That was the title of the talk at tonight's CalHort meeting, as presented by Bill McNamara, director of the Quarryhill Botanical Garden (where I've never been) up in Glen Ellen. My notes on McNamara's talk follow.
Quarryhill BG focuses on Asian flora, and McNamara has been to Asia many times on plant-collecting expeditions. Tonight he showed 306 slides taken during his recent work in the Japanese Alps on the island of Honshu, and in the Yunnan province in southern China. In addition to showing lots of pictures of plants, he also discussed the actual work of plant collecting (long days in the field collecting seeds, followed by long nights spent cleaning them) and the experience of traveling in far-off lands. He showed several pictures of the food he was served in both countries. Apparently, a popular dish at roadside restaurants in China is fried giant wasps, which he and his crew ate by the plateful. One establishment even put a nest of wriggling wasp larvae on a table outside to entice people in.
Starting in Japan, I was surprised to learn much of Japan has been logged two or three times (although it makes sense). Japanese reforestation efforts are so consistent that forest hikers will sometimes pass through groves of mature trees growing in rows, evenly spaced. Buddha statues and stone "protectors" (obelisks and the like) are frequent sights on mountain trails, placed centuries ago to confer luck and safety on the traveler--helpful commodities to be sure; Japan has half a dozen species of poisonous snake.
Japan is geologically new and its mountains are steep. Frequent, heavy rains contribute to serious erosion problems. Cement trucks are a common sight in the mountains pouring cement to stabilize streams down steep slopes; there are few natural streams left in this area.
With regard to taxonomy, McNamara says the Japanese (like the Chinese) are "splitters", i.e., they are inclined name many varieties of a species where others are more likely to leave species diversity unnamed. He gave Acer mono as an example of a plant that the Japanese have named many varieties of.
Many plants imported from this region of the world have become weeds in the eastern United States (e.g., Ampelopsis brevipedunculata). Plant collectors are aware of this, and McNamara said his greatest fear is having some plant named after him becoming a noxious weed.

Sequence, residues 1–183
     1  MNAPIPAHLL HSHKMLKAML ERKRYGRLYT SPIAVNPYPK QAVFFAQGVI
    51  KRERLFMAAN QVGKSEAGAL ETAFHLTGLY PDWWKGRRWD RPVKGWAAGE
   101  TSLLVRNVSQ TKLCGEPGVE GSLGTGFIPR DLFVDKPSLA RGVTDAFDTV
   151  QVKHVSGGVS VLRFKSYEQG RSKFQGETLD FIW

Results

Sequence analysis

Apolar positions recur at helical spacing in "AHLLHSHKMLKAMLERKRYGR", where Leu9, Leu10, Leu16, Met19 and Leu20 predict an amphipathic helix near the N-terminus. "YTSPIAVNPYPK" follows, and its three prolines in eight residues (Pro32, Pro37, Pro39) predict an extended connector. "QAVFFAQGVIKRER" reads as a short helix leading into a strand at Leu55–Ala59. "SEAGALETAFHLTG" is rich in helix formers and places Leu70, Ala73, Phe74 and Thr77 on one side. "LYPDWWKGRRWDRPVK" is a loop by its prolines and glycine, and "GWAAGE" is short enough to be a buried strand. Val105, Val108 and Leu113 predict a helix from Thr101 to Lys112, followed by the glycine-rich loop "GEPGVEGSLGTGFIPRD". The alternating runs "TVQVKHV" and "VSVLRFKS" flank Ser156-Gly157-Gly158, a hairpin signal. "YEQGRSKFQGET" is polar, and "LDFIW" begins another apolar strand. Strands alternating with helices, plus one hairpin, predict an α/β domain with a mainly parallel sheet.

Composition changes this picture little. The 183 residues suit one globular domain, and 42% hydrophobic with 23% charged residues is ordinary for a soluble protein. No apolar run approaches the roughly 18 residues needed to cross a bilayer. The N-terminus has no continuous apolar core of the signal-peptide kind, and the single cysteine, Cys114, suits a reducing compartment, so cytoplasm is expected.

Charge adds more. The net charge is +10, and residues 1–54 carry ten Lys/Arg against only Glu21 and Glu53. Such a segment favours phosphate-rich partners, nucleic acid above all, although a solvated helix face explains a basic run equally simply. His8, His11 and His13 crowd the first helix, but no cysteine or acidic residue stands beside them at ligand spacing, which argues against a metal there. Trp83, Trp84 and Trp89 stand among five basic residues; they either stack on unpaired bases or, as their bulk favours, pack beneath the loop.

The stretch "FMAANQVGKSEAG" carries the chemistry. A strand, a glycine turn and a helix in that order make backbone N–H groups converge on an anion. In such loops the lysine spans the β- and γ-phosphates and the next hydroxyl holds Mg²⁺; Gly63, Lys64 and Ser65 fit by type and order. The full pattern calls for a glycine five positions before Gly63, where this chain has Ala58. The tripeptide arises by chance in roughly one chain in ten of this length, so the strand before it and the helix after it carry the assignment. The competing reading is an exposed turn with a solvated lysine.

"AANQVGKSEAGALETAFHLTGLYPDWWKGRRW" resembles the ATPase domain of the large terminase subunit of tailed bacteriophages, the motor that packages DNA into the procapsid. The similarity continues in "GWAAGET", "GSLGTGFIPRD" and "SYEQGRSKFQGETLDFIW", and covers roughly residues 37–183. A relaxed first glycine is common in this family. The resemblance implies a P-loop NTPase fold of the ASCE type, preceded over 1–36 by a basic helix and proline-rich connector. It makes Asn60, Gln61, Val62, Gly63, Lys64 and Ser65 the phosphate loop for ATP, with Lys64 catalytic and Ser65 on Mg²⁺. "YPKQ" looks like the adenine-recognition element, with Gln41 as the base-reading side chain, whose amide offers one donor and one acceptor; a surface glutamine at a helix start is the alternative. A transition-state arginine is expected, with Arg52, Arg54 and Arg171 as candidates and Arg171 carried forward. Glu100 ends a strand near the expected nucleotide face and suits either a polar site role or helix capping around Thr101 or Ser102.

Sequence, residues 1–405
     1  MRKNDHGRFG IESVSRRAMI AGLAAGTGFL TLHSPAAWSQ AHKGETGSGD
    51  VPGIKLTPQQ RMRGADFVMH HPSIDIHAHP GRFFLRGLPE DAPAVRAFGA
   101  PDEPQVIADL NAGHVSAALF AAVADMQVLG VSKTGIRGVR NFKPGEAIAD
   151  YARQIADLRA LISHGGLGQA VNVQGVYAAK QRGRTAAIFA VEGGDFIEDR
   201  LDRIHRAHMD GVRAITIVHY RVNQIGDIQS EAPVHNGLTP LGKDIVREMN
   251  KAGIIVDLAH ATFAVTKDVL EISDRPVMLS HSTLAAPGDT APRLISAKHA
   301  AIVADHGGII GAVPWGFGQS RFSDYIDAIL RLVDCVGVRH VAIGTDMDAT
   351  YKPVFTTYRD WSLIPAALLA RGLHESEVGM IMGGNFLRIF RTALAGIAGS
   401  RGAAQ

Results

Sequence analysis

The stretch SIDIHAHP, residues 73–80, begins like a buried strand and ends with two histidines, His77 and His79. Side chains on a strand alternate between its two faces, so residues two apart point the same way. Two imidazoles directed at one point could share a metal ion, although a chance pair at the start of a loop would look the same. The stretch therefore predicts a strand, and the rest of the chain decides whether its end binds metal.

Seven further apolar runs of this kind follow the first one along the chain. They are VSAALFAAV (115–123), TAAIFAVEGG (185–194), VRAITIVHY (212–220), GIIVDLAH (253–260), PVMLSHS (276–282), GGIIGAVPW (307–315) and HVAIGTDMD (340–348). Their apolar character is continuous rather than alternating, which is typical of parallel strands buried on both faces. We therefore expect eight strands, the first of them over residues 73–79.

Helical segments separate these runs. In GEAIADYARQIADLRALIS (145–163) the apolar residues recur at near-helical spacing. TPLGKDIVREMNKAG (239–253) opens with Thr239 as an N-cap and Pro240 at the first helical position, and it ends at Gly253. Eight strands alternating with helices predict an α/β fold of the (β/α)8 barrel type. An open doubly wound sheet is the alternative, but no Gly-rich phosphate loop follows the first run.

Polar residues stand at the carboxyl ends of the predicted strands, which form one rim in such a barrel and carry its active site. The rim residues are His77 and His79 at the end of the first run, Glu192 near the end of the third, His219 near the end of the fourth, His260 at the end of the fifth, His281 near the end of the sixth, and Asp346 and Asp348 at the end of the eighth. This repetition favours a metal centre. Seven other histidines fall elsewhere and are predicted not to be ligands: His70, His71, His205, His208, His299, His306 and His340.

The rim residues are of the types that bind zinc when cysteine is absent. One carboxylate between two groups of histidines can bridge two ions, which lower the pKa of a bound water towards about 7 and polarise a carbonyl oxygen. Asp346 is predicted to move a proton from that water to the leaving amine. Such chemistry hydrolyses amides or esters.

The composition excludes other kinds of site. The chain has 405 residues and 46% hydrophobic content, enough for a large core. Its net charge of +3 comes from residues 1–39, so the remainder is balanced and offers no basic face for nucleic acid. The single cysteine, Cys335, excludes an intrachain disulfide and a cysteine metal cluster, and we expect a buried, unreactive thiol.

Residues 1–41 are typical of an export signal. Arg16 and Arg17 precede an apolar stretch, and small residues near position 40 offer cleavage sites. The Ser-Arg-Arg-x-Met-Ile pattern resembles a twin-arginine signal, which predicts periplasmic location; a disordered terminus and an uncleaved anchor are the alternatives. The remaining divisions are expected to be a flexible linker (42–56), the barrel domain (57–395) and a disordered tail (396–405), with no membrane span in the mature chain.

Interesting plants he mentioned were Rhododendron makinoi (likes dry heat!), Pinus pumila (a low-growing alpine conifer), Disanthus cercidifolius (amazing red fall color, no successful germination in cultivation), Helwingia japonica (which flowers on the midrib of the leaf!), and Plectranthus effusus (which I admired for the beautiful flowers). I also enjoyed seeing pictures of 75-feet-tall Stewartias. Apparently, the place to see Stewartia in the US is a botanical garden on Martha's Vineyard. I didn't catch the name.
On to China...
The urban landscaping business is booming in Yunnan province. Tree nurseries cannot keep up with demand, and the market is expanding rapidly. (Judging from pictures McNamara showed of small, ill-conceived planting boxes, it's clear the Chinese still have a few things to learn about planting trees in cities.) New plants are being discovered all the time right now in China and plants previously unknown in cultivation are entering the trade.
Meanwhile, a swelling population means more and more land is giving way to agriculture. Peaks are stripped of natural vegetation and terraced for farming. Logging continues even where it has been outlawed. This has spurred botanical conservation efforts, focusing in particular on the Magnoliaceae.
I think McNamara said western taxonomists recently folded 7 or 9 different genera into Magnolia, but I'm not sure. There's a little bit about recent phylogenetic studies on the Wikipedia page, here. His expedition in China was only permitted to collect Magnolia seed, but he also showed many pictures of Manglietia and Michelia, some of which have not been formally identified or scientifically published yet.
To cultivate ginseng, land is cleared of trees and then vast shade structures are built and the ginseng is grown under them over several years. When the harvest is complete, the land is left to regrow and a new area is cleared for further cultivation.
In villages where there is a lot of deforestation and agriculture, one wooded area will be left untouched because the people believe this is necessary to protect the village from harm. The protected woodland and what it stands for is called feng shui lin. In fact, some of the worst flooding in rural China is at least partly attributable to deforestation.
After harvest, peppers and star anise are left out to dry on village streets in large drifts. Peppers are so integral to Chinese cuisine, many people there refuse to believe peppers do not come from China (in fact, the genus Capsicum comes from tropical America). Chinese farmers routinely grow Cannabis sativa for hemp fibers. Many kinds of Begonia and Hedychium are popular ornamentals for village gardens in rural Yunnan province. Common marigold is encouraged to naturalize and McNamara showed whole hillsides of it.